David St. John
W.T. Pfefferle’s My Coolest Shirt is a wonderful collection, a conflation of privacies—one minute a sad country song, the next a hard postmodern stab, then a lovely, embracing memory of romance. The poet weaves together exquisite vignettes of seduction and loss so we may attend them individually or sequentially, like afternoon shadows observed from a passing car. The whole is an irresistible mix, a telling examination of the pleasures and perils of leaving yourself open to feeling. Pfefferle is acutely aware of the forms, at home with melancholy as well as bliss, adroit about human intimacy, careful in his selection of images to illustrate his vision. The poems are utterly modern, uncommonly clear, affectionate to a fault, and profoundly compassionate. The book just stuns.
My Coolest Shirt takes us on a wild ride, through California, Colorado, Wyoming, Texas, Mississippi, and beyond. Be ready to meet Glen Campbell, Barbara Eden, Napoleon, and Columbus. Take out the atlas, study the map, these poems advise, but be prepared for detours, for open fields and deserts, for the motor inns in border towns, for the chance to drive your Pontiac down Superstition Highway. “Let me see what I can salvage / from past scattered moments,” the speaker in the first poem says, and over and over again this book surprises and delights us with what can be salvaged, what can be saved, as we make our journey.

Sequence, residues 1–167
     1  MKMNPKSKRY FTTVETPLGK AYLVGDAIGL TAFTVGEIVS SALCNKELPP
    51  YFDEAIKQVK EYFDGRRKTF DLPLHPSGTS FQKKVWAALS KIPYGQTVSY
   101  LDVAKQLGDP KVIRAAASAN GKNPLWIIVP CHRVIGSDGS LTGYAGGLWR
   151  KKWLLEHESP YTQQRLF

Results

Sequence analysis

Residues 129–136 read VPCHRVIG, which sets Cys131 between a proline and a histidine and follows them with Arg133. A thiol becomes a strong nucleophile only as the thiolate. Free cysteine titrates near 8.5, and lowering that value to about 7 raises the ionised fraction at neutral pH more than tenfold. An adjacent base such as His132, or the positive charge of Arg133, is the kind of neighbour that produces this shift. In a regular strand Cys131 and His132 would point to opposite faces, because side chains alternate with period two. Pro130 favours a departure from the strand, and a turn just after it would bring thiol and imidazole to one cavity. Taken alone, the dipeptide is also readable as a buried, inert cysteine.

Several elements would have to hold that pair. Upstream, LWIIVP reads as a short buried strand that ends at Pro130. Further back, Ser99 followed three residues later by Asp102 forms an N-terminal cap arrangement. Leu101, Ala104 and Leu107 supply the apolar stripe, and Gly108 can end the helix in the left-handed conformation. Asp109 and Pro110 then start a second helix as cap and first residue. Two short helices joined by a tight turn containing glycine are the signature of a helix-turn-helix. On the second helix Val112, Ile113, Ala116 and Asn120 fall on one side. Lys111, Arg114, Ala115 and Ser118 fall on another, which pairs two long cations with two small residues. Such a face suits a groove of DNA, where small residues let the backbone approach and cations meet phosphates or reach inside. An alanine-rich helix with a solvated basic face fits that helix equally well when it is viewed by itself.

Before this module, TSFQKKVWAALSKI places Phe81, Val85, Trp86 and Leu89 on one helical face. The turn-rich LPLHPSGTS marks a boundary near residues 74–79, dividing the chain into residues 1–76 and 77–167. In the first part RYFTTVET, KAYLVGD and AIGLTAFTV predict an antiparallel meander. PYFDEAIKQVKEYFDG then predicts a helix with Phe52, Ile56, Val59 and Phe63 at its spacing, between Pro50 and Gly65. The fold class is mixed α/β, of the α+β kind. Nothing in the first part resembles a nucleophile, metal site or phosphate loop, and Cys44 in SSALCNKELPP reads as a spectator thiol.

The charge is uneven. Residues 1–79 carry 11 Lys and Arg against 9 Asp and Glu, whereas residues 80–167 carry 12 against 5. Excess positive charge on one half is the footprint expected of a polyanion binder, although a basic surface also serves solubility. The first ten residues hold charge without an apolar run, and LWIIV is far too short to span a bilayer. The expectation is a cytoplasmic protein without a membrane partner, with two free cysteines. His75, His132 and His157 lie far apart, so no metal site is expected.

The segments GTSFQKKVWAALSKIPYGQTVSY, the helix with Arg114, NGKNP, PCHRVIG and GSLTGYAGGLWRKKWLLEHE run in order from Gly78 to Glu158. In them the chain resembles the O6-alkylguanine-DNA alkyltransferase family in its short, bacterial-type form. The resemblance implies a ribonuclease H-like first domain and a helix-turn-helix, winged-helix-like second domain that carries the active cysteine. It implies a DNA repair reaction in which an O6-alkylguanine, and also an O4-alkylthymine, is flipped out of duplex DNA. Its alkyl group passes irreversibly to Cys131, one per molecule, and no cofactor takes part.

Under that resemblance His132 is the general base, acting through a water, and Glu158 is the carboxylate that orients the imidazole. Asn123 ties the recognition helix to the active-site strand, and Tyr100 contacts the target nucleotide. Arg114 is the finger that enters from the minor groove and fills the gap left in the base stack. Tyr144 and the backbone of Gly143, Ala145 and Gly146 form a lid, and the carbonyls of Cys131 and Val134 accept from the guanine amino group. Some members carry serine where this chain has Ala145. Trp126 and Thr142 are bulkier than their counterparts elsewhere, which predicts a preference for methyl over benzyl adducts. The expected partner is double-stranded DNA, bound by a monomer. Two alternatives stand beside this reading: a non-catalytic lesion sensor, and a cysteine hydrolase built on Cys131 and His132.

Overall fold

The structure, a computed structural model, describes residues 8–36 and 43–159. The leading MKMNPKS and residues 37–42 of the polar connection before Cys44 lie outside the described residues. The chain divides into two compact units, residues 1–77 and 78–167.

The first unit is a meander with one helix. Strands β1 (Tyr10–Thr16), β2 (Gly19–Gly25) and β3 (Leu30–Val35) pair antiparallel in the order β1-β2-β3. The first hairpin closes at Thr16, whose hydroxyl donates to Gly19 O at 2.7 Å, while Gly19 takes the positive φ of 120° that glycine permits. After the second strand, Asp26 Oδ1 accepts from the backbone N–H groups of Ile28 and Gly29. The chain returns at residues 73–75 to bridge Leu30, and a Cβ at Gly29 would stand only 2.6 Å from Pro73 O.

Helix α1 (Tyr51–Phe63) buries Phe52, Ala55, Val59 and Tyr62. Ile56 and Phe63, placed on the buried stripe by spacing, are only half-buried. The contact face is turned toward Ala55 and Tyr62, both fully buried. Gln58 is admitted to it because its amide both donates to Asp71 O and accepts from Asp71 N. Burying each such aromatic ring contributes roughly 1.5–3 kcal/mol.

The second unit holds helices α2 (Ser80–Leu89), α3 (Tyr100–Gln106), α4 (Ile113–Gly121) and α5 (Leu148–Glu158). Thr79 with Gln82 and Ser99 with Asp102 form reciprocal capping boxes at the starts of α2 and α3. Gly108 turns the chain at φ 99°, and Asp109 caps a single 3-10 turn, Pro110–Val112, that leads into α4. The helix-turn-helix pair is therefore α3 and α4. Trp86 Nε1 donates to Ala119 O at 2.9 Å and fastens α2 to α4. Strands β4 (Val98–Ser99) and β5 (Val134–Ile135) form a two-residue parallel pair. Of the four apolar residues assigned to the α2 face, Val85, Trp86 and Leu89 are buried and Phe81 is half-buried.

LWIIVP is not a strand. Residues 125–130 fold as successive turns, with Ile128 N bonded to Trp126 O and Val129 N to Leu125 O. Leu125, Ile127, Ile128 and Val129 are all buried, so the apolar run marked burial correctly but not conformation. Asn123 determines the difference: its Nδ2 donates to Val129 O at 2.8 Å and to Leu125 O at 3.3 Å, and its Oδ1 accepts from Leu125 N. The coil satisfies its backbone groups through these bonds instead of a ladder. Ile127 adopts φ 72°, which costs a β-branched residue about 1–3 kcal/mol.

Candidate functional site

If your wishes include getting lost in poems, finding yourself in the tailings of some interstate, down by the pylons, smelling rain though no rain comes, this book should be yours. If love like a ballad repeats to you how to go wrong beautifully one more time, this book should be yours. If a big branch has showered you with leaves and twigs like rough magic, this book should be yours. I could call W.T. Pfefferle’s My Coolest Shirt a novel in verse, but it is something deeper—a story pared to its core, spots of time made of words that burden the heart and lift it with their hard-earned luck.
“Lucky for me, I believe in redemption,” the speaker of these poems says in a line that’s characteristically understated, complex, and hilarious. In poems of extraordinary tonal range, W.T. Pfefferle compresses large stories into tight, sharp-edged lyric spaces. In this compression, we find how our tragedies can unfold in increments, tragically small. And yet, in this dwelling on loss, a kind of dwelling-place is made—memory a place to return to, a sustenance, even a redemption.
For the three characters in My Coolest Shirt, love turns out to be ephemeral and inconstant. In the same way some folks lose track of their favorite shoes, the narrator, Netta, and Clare lose track of each other.
All three come to accept that they will drift, and in the out of sequence progression of the book, the rise and fall of their lives together slowly goes in and out of focus. They marry and remarry, and sometimes dance together in both the past and the present, or share the last dreamy memories of each other over distance and telephones.
In the closing poem the speaker recognizes that the journey for all of them has been about "leaving things behind, / and finding and losing, / and the lost."
But the time and distance happily renders the heartbreak and misery into a funny story to recall, a moment where one simply zigged when the other zagged.